There really is no comparison. Authentic Judaism is defined by the Decalogue and the Noahide Laws, which value human life, prohibit murder, and command us to establish a just and humane social order extending to all mankind.  Authentic Christianity is a religion of mercy that renders unto God what is God’s and unto Caesar what is Caesar’s, with only a sparse handful of jarring or dissonant moments. The fact that Islam, deriving from the preachments and practices of Allah’s Messenger, does not share these characteristics with Judaism and Christianity but is almost uniformly aggressive, severe and vindictive in its punitive austerities, is one that too few of us are willing to recognize, owing to a reluctance to appear “racist,” bigoted or illiberal.

Individuals will always betray or deviate from the austere or exalted temper of their scriptures where these enshrine the Golden Rule — Kierkegaard’s wise distinction between Christianity and Christendom. The difference in this connection is that what we would regard as “deviation” — cruelty, oppression, the call to perpetual warfare — is in Islam not a function of individual or group delinquency but is actually intrinsic to the incunabula of Islam and ubiquitous throughout the founding library of the faith. “People ask whether Islam can undergo a reformation like the one that Christianity underwent. That’s a poor parallel,” writes Canadian ex-Muslim Ali Sina in his seminal volume Understanding Muhammad and Muslims.


In Christianity, it wasn’t the religion that needed to be reformed, but the church; what Jesus preached was good.…In Islam, it’s the religion that is not good.

In other words, a lapsed Church is foreign to essential Christianity and a corrupt Temple is alien to essential Judaism. But such regressions are actually integral to Islam, bred in the unabrogated scriptures which permit, approve and ratify such depravities as slavery, child marriage, polygamy, gynophobia, deception (taqiyya), the breaking of treaties, the doctrinally sanctioned acquisition of booty and of women as the spoils of war, dhimmitude and, most terrible of all, wanton slaughter of unbelievers. As Koran 8:39 commands, “Make war on them until idolatry is no more and Allah’s religion reigns supreme.” It is not difficult, then, to see that ancestral Islam is demonstrably contemporary Islam since the Koran is understood to be an eternal book, coterminous with Allah, and thus does not allow for revision.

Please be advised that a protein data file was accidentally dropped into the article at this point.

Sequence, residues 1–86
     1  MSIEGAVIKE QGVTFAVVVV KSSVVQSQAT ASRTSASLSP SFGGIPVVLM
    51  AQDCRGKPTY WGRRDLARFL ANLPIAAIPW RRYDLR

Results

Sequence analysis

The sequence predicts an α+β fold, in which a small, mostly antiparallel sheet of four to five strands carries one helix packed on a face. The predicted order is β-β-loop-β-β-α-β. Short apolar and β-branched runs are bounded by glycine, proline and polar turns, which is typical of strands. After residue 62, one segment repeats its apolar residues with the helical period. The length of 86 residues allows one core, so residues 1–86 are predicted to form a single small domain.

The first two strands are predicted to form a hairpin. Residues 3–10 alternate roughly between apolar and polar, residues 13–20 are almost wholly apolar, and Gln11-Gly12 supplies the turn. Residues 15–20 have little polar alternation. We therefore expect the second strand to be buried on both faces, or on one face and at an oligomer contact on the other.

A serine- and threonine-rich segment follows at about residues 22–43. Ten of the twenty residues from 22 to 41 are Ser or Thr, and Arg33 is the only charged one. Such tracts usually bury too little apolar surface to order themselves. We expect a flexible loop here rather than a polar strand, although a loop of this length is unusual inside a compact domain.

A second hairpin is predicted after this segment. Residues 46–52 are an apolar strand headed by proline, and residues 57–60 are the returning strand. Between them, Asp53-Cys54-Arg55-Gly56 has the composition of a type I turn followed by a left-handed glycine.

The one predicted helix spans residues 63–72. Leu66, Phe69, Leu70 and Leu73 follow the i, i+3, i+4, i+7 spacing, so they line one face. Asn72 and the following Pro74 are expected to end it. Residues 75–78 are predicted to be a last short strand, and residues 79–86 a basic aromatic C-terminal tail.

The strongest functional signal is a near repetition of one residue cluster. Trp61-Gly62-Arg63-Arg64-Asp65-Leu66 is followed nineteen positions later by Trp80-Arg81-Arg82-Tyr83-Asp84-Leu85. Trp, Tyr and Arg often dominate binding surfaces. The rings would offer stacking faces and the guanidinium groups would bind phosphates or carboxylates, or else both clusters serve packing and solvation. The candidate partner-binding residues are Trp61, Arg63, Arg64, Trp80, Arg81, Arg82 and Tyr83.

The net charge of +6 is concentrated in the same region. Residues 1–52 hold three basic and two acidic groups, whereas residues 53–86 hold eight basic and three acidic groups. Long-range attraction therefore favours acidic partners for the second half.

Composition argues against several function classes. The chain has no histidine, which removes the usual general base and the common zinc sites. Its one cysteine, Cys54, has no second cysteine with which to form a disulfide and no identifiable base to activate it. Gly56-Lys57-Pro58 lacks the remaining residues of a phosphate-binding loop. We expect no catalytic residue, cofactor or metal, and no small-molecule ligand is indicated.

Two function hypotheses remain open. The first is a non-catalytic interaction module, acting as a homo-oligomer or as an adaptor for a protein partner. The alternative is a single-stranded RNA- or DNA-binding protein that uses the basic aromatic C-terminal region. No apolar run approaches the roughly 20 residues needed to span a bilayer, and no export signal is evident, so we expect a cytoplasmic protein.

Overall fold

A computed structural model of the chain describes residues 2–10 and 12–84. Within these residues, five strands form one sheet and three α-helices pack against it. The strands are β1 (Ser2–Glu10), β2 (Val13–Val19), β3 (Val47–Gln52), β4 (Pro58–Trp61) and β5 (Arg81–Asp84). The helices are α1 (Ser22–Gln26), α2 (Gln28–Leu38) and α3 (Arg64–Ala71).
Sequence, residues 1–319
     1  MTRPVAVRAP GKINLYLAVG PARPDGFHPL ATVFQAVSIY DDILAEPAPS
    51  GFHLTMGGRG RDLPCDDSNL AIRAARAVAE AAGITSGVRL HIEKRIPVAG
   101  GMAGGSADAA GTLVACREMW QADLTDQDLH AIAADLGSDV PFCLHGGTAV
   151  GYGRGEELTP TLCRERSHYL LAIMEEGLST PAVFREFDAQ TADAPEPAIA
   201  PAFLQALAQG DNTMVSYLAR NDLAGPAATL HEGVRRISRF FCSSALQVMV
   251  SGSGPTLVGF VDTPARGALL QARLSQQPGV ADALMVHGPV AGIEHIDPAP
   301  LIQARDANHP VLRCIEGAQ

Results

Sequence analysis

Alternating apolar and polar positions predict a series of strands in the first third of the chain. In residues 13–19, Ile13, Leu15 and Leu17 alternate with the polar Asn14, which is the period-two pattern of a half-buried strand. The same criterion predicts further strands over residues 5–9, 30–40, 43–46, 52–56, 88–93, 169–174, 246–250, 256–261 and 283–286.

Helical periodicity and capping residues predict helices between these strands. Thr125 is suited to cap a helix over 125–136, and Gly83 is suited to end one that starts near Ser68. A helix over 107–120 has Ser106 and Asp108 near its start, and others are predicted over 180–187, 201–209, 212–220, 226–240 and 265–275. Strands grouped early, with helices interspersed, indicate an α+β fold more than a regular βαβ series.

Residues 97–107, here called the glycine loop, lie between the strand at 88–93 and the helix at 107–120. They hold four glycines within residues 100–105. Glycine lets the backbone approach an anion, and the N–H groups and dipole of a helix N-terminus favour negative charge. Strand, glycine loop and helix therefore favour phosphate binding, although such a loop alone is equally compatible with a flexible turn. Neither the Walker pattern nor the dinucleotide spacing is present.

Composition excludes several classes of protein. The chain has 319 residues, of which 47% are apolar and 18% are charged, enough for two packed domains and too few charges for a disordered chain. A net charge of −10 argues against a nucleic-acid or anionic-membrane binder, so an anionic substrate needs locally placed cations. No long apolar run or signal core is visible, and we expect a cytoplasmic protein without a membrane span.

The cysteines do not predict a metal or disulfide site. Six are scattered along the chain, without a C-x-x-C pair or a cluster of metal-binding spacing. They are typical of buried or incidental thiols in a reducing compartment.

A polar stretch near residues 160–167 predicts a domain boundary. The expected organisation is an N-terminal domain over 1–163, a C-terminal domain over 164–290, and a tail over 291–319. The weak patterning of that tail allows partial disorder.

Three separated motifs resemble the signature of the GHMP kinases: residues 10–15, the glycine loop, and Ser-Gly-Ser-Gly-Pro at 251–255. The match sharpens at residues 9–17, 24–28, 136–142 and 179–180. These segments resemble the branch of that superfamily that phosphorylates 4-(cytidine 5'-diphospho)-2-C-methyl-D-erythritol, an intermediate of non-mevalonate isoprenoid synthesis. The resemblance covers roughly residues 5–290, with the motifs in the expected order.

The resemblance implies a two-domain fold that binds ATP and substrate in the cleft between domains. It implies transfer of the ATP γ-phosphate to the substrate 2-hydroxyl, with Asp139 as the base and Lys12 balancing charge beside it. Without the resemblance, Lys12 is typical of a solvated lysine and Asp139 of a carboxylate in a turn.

Further, critics of Islam who wish to spare the individual communicant, commendable as their attempt at fair-mindedness may be, are caught in a contradiction. In separating the institution of the faith, which they denounce, from peaceable and decent individual Muslims, whom they profess to applaud — even Geert Wilders has taken this route — they succeed only in undermining their own argument. Who or what can a “good” or moderate Muslim possibly be if he or she has no connection with or relation to the institution — the structure, practice, canons and prescripts — of the very faith from which he or she is said to be divorced? There is a blatant conundrum of identity at work here, which our charitable detractors apparently refuse to countenance or explain. Can there be such a chimera as a “Muslim” absent the institution of Islam? What is left but an empty jalabiya?

Muslims must be equally conflicted. Raheel Raza, whose film Honour Diaries  decries some of the worst practices of her co-religionists, remains a pious Muslim who is comforted and nourished by her faith. What, we may ask, defines that merciful and solacing faith for her if it is based on the Koran, the ahadith, the sirah, the shariah and the diverse schools of a grim and stringent jurisprudence governing every detail of quotidian life? And if it is not predicated on authoritative Islam, what can possibly be left over from so aliquant a commitment except a few abrogated tropes and a number of rituals and customs? Perhaps it is a private faith she is espousing, but a private faith is not a religion and does not merit a historical name.